Marijuana Reclassification Effort Fails

A thriving marijuana plant is seen at a grow operation in Denver, Colorado. Rick Wilking/File Photo/Reuters

WASHINGTON (Reuters) - The U.S. Drug Enforcement Administration on Thursday denied requests to loosen the classification of marijuana as a dangerous drug with no medical use.

The decision is the DEA's response to a 2011 petition by two former state governors who had urged federal agencies to re-classify marijuana as a drug with accepted medical uses.

In a letter to the petitioners, the DEA said it had asked the Department of Health and Human Services for a scientific and medical evaluation of the issue.

"HHS concluded that marijuana has a high potential for abuse, has no accepted medical use in the United States, and lacks an acceptable level of safety for use even under medical supervision," the letter said.

For decades, marijuana has been classified that way as a "Schedule I" drug, on par with heroin. The government has repeatedly rejected appeals over the years to reclassify marijuana.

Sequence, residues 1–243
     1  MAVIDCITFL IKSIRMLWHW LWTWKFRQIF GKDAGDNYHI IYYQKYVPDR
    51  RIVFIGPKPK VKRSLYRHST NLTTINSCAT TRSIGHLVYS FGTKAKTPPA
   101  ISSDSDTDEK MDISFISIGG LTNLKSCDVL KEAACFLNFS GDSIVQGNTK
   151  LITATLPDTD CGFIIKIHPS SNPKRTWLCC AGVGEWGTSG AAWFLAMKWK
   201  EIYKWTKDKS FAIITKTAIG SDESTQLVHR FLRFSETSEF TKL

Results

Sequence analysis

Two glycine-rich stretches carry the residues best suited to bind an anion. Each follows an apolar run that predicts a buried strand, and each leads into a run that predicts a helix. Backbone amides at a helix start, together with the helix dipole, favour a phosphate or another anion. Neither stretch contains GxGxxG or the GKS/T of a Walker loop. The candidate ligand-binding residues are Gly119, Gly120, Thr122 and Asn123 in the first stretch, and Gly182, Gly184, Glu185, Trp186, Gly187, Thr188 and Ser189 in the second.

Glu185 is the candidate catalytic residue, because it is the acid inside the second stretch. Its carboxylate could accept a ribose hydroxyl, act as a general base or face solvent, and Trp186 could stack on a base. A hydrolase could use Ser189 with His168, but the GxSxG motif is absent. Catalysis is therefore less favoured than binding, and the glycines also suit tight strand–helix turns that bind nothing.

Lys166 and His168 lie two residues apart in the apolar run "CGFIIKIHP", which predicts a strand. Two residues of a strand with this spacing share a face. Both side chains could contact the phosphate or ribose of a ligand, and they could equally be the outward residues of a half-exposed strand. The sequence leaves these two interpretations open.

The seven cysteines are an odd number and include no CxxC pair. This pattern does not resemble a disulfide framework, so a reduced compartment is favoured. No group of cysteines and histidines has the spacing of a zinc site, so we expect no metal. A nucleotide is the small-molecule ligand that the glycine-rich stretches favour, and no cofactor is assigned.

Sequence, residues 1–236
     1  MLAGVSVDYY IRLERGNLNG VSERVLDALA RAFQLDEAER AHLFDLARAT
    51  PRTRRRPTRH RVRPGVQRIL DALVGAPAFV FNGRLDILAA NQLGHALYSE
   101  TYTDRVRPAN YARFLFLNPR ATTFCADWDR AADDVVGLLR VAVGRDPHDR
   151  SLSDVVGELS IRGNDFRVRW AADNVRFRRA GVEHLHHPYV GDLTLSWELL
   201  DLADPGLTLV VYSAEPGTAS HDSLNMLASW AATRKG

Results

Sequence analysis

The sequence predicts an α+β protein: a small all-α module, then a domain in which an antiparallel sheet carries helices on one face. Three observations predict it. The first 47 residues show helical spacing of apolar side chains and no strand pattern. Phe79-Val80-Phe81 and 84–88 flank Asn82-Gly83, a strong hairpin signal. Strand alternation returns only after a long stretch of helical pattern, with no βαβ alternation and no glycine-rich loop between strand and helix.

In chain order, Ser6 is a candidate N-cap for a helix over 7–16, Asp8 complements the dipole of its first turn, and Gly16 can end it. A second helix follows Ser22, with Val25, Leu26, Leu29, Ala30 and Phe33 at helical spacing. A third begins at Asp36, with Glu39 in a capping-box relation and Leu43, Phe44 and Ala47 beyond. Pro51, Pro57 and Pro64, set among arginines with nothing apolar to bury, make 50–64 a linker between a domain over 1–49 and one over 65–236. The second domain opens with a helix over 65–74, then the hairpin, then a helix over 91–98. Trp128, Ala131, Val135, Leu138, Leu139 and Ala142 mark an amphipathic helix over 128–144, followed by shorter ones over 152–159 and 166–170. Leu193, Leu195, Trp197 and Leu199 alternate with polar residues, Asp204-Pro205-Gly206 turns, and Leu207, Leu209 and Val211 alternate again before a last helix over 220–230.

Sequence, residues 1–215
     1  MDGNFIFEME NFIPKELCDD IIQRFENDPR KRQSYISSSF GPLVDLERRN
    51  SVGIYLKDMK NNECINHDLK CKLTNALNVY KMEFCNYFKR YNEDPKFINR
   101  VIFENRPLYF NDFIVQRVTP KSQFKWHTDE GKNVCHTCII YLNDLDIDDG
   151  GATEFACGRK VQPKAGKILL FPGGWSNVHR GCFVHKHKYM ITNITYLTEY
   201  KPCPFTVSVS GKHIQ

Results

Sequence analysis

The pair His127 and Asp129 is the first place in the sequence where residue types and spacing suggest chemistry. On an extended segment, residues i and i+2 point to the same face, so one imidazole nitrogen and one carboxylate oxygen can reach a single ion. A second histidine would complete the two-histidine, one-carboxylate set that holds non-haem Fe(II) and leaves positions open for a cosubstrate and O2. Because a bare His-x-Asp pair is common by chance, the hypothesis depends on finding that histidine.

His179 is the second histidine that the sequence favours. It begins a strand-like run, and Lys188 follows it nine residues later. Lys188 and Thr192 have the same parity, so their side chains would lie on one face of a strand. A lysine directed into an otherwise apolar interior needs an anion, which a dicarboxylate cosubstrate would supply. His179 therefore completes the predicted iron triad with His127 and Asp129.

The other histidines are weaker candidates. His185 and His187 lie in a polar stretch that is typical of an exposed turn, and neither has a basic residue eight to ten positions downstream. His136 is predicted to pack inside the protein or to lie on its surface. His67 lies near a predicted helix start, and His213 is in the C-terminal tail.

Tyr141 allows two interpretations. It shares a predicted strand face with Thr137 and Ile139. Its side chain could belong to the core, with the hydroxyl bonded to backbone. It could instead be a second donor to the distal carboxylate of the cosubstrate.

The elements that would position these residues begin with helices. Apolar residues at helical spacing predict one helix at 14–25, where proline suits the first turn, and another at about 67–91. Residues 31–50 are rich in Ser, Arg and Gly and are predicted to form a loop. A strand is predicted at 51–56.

The DEA said on Thursday that it concluded there was "no substantial evidence" that marijuana should be removed from its classification.

Loosening that definition could encourage scientific study of a drug that is being used to treat diseases in several U.S. states despite little proof of its effectiveness.

Twenty-five states have sanctioned some forms of marijuana use for medical purposes. Alaska, Washington, Oregon, Colorado and the District of Columbia have gone even further, allowing its recreational use for adults.